Our Love for VR and AR Experiences
- Just For Fun
Reality Bending Experiences
At BACKUP, we’re no stranger to both virtual and augmented reality. From our close work with AR startups to our award winning experiential campaigns, we’ve pushed the boundaries of innovative experiences.
Why is this technology working from an event and experiential point of view?
First, there’s the novelty. People want to experience and try new technology – especially when there’s this much conversation around that tech.
Secondly, the experience itself challenges and inspires the individual’s perception of what’s possible with technology.
Finally, the right execution serves as an immersive way to tell a brand narrative or experience.
Reality-bending technology won’t always be “novel” or “inspiring” – but it will always remain immersive. That’s why it takes the right creative, message and technology to pull off a flawless brand engagement.
Augmented Reality is developing at a rapid pace, from fun camera filters to new user interfaces on cameras. We’re seeing AR used practically as teaching tools in classrooms and by brands like IKEA who are building experiences to help space-plan and test furniture in your actual home.
One of the biggest developments in this field is the investment in both AR and machine-learning in Camera Apps, which are being used to intelligently identify objects in photos.
The big talk from Facebook’s F8 Summit this year was their Camera app, which is integrated into Messenger. Alongside the app’s fun filters and features comes something a bit more practical for advertisers: brand and product identification. If someone updates their “Facebook Story” or sends a friend a snapshot, Facebook could hypothetically pick out what brands are present in that photo. With this information, Facebook can better target and deliver advertisements to audiences who don’t engage with brands with more traditional methods.
At our end-of-summer warehouse party, we teamed up with MCE Events to sample some of the most fun VR experiences in circulation, including race simulator, Driveclub and the highly addictive Space Pirate Trainer.
Many of the tech we sampled (or use in the field) has clear advantages and disadvantages, so here’s how we break it down:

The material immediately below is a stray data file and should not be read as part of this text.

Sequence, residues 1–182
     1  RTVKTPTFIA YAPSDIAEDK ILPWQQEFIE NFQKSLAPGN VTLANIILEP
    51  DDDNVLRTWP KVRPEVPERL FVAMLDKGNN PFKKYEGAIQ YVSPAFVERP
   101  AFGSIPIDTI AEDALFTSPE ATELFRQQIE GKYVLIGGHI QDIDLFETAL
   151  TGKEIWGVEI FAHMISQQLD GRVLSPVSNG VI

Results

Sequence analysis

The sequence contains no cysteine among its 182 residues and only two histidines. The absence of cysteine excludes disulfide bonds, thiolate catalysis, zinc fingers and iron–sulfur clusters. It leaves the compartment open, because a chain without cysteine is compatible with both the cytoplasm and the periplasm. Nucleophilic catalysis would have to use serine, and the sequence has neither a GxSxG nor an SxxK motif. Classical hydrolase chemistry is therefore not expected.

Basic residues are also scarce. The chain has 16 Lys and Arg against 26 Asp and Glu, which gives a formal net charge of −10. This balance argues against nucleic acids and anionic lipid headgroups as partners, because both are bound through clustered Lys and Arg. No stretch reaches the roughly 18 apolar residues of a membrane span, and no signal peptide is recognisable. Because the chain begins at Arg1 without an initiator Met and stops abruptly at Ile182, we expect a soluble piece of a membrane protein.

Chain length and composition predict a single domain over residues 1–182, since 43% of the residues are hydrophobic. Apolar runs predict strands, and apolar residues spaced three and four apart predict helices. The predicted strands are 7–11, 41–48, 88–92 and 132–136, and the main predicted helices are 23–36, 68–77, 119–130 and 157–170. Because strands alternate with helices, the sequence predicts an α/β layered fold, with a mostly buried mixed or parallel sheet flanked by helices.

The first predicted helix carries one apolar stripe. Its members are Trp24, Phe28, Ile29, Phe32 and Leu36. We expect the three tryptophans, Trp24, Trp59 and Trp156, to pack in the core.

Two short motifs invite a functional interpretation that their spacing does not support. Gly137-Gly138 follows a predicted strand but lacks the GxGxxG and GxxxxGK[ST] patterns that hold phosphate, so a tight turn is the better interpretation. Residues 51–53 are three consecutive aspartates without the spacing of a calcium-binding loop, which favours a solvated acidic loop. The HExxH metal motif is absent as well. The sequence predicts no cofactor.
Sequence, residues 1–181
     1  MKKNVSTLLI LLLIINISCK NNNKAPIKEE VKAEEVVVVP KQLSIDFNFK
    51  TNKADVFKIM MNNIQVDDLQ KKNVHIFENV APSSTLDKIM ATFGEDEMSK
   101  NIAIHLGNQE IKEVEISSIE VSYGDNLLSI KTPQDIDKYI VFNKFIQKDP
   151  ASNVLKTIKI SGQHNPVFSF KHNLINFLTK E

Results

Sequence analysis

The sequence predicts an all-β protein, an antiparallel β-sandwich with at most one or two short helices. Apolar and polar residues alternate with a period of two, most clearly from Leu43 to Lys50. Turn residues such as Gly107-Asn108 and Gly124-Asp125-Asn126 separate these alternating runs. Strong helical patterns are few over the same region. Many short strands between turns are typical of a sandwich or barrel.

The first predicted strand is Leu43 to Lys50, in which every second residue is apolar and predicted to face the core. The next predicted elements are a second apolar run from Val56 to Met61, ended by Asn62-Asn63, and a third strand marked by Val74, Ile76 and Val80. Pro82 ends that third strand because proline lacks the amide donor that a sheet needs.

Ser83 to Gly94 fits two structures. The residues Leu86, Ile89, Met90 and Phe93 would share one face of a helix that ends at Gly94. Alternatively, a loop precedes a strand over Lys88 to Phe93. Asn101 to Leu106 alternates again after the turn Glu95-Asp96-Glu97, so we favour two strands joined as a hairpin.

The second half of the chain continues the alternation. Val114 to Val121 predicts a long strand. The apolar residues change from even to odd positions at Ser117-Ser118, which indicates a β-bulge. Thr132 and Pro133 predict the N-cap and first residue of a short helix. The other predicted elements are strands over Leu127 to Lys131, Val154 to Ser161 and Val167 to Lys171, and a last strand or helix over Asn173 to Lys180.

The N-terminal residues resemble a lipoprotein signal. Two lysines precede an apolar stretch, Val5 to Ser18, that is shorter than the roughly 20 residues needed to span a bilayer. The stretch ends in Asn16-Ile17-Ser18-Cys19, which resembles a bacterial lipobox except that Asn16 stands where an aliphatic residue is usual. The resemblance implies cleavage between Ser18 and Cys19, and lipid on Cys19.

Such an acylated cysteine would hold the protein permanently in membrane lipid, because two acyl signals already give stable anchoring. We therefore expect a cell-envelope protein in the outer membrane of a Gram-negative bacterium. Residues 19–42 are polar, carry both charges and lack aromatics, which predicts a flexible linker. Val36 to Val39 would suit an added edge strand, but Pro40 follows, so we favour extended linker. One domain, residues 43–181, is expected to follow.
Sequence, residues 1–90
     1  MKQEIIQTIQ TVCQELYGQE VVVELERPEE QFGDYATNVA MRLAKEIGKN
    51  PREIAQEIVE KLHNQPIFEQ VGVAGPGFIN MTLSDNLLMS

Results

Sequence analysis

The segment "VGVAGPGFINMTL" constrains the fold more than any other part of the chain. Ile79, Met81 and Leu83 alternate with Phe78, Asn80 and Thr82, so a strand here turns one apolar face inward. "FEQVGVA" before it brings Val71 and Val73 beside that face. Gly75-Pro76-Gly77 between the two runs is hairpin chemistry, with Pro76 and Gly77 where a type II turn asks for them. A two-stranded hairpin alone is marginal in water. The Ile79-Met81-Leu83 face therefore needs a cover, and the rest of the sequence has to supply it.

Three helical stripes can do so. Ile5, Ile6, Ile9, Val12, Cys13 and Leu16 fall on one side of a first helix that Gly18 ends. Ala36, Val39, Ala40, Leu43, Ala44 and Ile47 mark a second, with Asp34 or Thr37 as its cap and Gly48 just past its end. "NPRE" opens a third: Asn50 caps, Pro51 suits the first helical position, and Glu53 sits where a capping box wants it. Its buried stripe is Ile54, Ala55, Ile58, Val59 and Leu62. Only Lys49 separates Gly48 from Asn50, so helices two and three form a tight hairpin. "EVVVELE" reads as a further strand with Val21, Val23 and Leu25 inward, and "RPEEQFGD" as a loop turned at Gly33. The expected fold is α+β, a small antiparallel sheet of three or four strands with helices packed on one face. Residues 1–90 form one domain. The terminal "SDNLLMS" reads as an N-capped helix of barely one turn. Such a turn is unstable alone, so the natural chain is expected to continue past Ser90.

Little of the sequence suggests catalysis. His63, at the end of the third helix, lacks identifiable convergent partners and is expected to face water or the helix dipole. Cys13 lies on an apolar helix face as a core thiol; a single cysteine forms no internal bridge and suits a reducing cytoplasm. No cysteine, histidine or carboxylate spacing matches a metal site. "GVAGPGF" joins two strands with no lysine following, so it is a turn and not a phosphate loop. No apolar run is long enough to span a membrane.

Phone to Headset Rigs like Samsung Gear VR or Octagon VR Luna
One of the strongest and most accessible introductions to VR. If your campaign doesn’t rely on jaw dropping graphics and immersion, this is a great option. Samsung or Octagon. These experiences are a popular way to experience mobile games or movies, and tend to work best with low-resolution experiences.
PlayStation VR – A great introductory product, but you must have a PlayStation 4 to use this. At our BACKUP party, we paired these systems PlayStation’s Logitech Racing Wheels/Pedals to experience the racing simulator: Driveclub. The result was an experience so realistic, many of us resorted to our actual driving habits and forgot we were in a game! A BACKUP favourite PlayStation VR experience is Everything, which is an emotional and whimsical perspective on the interconnectivity of the world.
OculusRift – Born from a Kickstarter before finding a home as a Facebook product, the Oculus Rift has become the most headlined VR tech in the bunch. Looking past the hype, and what do we see? A quality product and brand that sits in an authoritative spot in the VR community, but lacks a unique selling point as more and more hardware emerges to compete. That said, Oculus is a great a high-quality, reliable option with a vast library of games and experiences.
HTC Vive – Sparing no costs, this is marketed as an “all-in” opportunity for serious gamers. Even with the recent €200 price-drop, the system still retails at €700 before you add-in costs of a PC-gaming rig capable of running the software. The HTC Vive’s hardware and setup is clunky and requires significant upfront investment, and it’s very much an opportunity to build your experiential campaign around the hardware, rather than integrating the hardware into your existing project. However, it’s a fan-favourite frontrunner when it comes to immersion, gaming, UX and features. The console involves setting up external cameras to track the users motion, allowing for a huge range of new interactive opportunities. Once in the experience, the headset uses Steam’s Big Screen feature to draw from a PC Gamer’s Library, which means there will be very few 3rd party games or experiences that are not accessible within the console. It’s entirely possible to waste a day in virtual reality.
It’s important to know what technology is emerging to become entwined in people’s lives in order to what platforms and experiences are important to build.
The wrong VR or AR experience will leave audiences exasperated, confused or unimpressed. That’s why it’s essential to pair creative ideas with the experts.